The most dangerous effect of low dopamine levels in people who drink heavily and then stop is alcohol withdrawal syndrome, which ranges from mild to life-threatening without proper treatment.
What Parts of the Brain Does Alcohol Affect?
Alcohol affects every brain region, and the damage worsens with continued alcohol consumption. Researchers have used brain scans and imaging, blood work, hormone analysis, and a wide range of long-term studies to get a detailed picture of how alcohol affects brain functions.
The brain is similar to a highly efficient supercomputer, with each section responsible for specific tasks, sending and receiving billions of signals to carry them out every second. Below is a brief overview of brain areas in adults and how alcohol impacts them.
The Cerebral Cortex
The cerebral cortex makes up roughly half of the brain’s mass and is responsible for sensory processing information, language, emotions, personality development, memory, decision-making, and impulse control. Alcohol slows down all these functions, causing slurred speech, delayed reaction times, loss of concentration, and impulsive decision-making.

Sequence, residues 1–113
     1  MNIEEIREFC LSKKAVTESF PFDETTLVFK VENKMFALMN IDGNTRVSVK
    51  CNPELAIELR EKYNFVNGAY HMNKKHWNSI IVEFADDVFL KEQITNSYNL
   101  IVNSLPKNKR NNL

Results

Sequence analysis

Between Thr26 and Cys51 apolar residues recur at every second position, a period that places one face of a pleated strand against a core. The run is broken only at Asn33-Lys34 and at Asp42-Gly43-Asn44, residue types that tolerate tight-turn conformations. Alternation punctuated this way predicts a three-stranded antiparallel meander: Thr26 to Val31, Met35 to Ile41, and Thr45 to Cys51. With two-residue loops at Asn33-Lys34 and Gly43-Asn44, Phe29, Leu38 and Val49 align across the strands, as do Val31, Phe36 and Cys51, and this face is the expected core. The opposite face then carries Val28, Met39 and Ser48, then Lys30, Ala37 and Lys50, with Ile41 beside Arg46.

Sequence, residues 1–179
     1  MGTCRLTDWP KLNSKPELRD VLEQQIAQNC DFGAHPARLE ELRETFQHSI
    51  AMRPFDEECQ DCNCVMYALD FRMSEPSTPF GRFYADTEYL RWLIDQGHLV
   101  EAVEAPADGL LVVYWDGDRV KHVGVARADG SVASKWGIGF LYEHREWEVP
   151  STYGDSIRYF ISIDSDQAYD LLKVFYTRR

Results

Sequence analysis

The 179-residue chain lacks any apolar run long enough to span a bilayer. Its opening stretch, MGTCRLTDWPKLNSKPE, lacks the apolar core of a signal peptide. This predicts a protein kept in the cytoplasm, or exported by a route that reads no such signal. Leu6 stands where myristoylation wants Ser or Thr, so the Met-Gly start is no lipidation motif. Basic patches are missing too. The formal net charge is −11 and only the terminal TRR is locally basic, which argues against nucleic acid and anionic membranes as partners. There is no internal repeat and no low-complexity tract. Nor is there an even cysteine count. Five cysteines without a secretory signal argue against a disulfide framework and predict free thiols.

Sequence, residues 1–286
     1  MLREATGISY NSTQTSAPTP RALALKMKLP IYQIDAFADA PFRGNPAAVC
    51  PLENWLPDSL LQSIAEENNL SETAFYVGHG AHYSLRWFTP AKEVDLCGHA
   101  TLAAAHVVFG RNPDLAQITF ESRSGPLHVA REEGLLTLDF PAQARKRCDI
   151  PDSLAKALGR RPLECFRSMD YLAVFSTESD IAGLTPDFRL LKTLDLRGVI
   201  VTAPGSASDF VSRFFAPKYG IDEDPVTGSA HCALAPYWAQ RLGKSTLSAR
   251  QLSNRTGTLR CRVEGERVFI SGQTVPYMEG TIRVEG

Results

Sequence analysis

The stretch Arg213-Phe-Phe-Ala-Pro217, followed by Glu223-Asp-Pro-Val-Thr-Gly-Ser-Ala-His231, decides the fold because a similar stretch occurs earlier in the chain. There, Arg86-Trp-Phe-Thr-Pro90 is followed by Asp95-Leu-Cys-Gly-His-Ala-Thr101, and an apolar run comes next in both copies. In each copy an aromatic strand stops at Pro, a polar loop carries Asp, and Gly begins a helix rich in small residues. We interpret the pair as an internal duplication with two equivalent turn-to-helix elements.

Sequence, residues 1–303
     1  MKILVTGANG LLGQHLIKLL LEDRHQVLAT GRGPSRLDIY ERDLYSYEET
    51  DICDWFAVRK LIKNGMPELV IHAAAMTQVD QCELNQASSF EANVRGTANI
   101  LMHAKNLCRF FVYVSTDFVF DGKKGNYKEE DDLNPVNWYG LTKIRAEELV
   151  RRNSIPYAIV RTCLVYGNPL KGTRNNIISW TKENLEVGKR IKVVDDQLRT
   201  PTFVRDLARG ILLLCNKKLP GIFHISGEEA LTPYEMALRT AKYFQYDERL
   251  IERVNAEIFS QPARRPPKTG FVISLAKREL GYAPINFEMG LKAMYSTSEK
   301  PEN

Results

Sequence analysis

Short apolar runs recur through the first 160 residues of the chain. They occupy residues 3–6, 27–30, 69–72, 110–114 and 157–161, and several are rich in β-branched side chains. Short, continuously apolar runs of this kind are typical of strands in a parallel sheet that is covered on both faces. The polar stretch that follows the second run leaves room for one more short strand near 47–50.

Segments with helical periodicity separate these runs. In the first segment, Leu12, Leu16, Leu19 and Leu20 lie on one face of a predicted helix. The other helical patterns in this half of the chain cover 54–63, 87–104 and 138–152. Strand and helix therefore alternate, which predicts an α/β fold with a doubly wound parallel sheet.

The hippocampus controls forming and retaining of memories. Excessive alcohol causes short-term memory loss and blackouts in some people. Heavy drinking and long-term alcohol abuse physically shrink the hippocampus.
The cerebellum is responsible for movement, motor skills, coordination, and balance. Alcohol disrupts the signals to and from the cerebellum, causing loss of balance, lack of coordination, staggering, falling over, or an inability to stand up.
The Hypothalamus and Pituitary Gland
The hypothalamus and pituitary gland are connected and control the endocrine system. The endocrine system is the organs and glands that control hormone creation and distribution throughout the body, including sex hormones. Alcohol throws the endocrine system out of balance, causing aggression, sexual dysfunction, and metabolism changes, among other things.
The Medulla Oblongata